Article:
Disposition and Development Agreement (DDA)
Disposition and Development Agreement (DDA): A DDA is a contract between a government agency and a developer that governs how public land will be transferred to and developed by the developer. It lays out the rules, regulations, and commitments that will guide the project. As such, it may specify the community benefits included in a CBA.
Public land is land owned by government entities like cities, counties, transit agencies, and school districts. Under a state law called the Surplus Land Act, such entities must offer to sell or lease public land that they no longer need to affordable housing providers before offering it to other parties.
Read “Public Land for Public Good” by Gloria Bruce in our 2019-2020 Affordable Housing Guidebook.
The Surplus Land Act (SLA): The SLA is a California law that requires that when cities, counties, and other governmental agencies sell or lease land that they no longer need, they prioritize it for affordable housing development. Under the SLA, local government entities must declare public land “surplus,” or no longer needed for its original purpose, in order to sell or lease it to another party. At that point, the agency must offer the land to priority groups, including housing developers who will make at least 25% of the units affordable to low-income households. If no affordable housing proposals are received or agreed to, and the land is later developed for market-rate housing, then at least 15% of the units must still be affordable to low-income groups.
EBHO co-authored amendments to the Surplus Land Act that passed in the 2019 Legislative Session (AB 1486) that strengthened this land-use policy to ensure much more public land will be used to create the affordable homes needed in California.
Affordable Housing Funding
Impact fees are paid by developers to local governments to offset the cost of meeting the increased need for public services generated by those developments, including transportation, fire protection, and affordable housing. Housing impact fees can be used to ensure that residential development for higher-income households creates the resources needed to build homes that are affordable to the lower-income workers who provide the basic goods and services to the community. Housing impact fees can also be charged on office and commercial developments. The amount of an impact fee must be based upon an analysis of the “nexus,” or link, between the new development and the increase in demand for public resources. This analysis is called a “nexus study.” The resulting fee is thus also called a “linkage fee.”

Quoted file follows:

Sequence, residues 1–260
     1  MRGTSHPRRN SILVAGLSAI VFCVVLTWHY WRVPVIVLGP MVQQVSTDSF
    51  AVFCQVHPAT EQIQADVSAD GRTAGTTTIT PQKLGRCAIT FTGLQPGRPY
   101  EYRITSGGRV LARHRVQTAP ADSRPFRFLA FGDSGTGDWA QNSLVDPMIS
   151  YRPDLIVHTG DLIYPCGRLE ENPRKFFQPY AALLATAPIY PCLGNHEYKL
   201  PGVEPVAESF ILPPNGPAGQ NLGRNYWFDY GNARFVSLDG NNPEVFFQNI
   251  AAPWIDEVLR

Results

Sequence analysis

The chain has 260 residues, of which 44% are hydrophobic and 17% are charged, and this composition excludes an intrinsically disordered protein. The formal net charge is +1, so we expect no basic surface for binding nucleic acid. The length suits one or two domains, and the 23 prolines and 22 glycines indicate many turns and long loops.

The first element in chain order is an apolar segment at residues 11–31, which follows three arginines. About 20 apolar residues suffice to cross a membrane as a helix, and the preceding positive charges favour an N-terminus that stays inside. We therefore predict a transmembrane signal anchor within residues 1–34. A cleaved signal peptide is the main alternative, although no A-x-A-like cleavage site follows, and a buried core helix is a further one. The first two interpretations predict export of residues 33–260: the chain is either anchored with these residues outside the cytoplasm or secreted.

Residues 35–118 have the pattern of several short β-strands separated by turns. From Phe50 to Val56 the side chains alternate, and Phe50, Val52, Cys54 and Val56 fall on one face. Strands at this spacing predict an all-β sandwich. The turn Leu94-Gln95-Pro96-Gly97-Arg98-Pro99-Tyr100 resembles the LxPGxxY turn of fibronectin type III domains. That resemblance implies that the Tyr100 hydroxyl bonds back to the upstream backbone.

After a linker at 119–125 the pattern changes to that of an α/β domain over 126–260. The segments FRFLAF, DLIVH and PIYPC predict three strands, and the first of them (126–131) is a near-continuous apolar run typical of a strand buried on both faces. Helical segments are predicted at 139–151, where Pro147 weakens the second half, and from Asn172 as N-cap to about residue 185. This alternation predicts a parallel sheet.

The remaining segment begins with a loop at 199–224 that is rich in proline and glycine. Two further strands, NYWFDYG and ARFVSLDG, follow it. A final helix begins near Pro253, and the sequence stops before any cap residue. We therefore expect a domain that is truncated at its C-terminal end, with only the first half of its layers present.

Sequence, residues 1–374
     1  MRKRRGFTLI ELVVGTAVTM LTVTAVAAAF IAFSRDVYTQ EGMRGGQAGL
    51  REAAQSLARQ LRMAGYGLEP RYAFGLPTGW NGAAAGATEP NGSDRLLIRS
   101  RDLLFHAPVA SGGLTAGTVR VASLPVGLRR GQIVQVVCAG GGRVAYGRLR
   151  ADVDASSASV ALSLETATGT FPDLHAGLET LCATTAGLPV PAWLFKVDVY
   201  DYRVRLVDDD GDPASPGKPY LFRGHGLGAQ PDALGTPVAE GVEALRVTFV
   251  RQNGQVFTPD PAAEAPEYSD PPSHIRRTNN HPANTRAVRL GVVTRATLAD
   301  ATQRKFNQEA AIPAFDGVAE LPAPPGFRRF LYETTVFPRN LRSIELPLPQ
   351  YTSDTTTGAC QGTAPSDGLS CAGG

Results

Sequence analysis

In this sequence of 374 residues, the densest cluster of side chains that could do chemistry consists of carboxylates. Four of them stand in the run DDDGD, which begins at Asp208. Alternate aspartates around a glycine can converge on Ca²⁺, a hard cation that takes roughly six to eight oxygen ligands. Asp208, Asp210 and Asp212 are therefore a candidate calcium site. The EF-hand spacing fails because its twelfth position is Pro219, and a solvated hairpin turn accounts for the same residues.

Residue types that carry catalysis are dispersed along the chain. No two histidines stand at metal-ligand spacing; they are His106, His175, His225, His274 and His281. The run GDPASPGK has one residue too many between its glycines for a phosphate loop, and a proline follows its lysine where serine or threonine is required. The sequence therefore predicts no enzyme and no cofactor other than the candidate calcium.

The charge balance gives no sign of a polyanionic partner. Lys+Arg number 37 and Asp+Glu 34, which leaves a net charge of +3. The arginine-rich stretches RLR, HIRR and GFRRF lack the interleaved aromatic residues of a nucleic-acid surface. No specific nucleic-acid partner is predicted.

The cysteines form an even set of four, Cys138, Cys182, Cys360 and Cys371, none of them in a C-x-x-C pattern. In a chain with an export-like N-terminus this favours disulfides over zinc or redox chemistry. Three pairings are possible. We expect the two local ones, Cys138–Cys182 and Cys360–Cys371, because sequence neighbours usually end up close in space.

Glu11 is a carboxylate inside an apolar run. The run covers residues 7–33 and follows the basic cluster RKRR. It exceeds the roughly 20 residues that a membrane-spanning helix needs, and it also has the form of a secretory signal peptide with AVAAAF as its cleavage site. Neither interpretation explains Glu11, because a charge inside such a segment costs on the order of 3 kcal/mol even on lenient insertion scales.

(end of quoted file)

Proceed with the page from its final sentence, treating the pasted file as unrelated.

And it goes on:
Read our OPED on Impact Fees by EBHO Executive Director, Gloria Bruce. Opinion: Oakland Should Turn Cranes Into Affordable Housing.
Low-Income Housing Tax Credits (LIHTC)
The LIHTC program (pronounced lie-tek) is used to raise money to build affordable homes. First, the federal government issues income tax credits to a developer, which correspond to the costs of building affordable units. Then, the developer sells those credits to private investors, who can use them to lower their federal income taxes. This helps the developer raise capital for their project and reduces the amount of debt that they need to borrow from a bank. Less debt means the developer can charge lower, more affordable rents to low-income households. The LIHTC program was introduced in 1986 to get private investors, rather than government agencies, to help pay for affordable housing. It is now the primary source of funding for affordable housing–especially projects that serve households at or below 60% of AMI, which are the main recipients of LIHTC.
Federal housing bonds are used to finance lower interest mortgages for low- and moderate-income homebuyers, as well as for the acquisition, construction, and rehabilitation of multifamily housing for low-income renters. Investors are willing to purchase tax-exempt housing bonds and receive a lower interest rate than they would for other investments because the income from these bonds is tax free. Read more about what federal housing bonds are and how they’re financed from the National Low Income Housing Coalition’s 2021 Advocate Guide.
A general obligation bond is a government-issued bond that is repaid from state or local general funds or a dedicated tax. The issuing entity (e.g., the city, county, or state) places its full faith and credit in paying back the purchasers of the bond. Money from general obligation bonds can be used by counties or states to provide subsidies for affordable housing projects or fund other affordable housing programs. Learn more about general obligation bonds.
In November, 2016 EBHO was part of a campaign to pass Measure A1 Affordable Housing Bond in Alameda County. Read more about how A1 was designed to create affordable homes for low-income residents. Homes funded with Measure A1 Bond measures have started welcoming residents home. You can view A1-funded properties that had or have rental listings at https://housing.acgov.org/listings.
The National Housing Trust Fund (HTF)
“The primary purpose of the HTF is to close the gap between the number of extremely low-income renter households and the number of homes renting at prices they can afford. NLIHC interprets the statute as requiring at least 90% of the funds to be used to build rehabilitate, preserve, or operate rental housing (HUD guidance sets the minimum at 80%). In addition, at least 75% of the funds used for rental housing must benefit extremely lowincome households. One hundred percent of all HTF dollars must be used for households with very low income or less.” Read more about this program in the National Low Income Housing Coalition’s 2021 Advocates Guide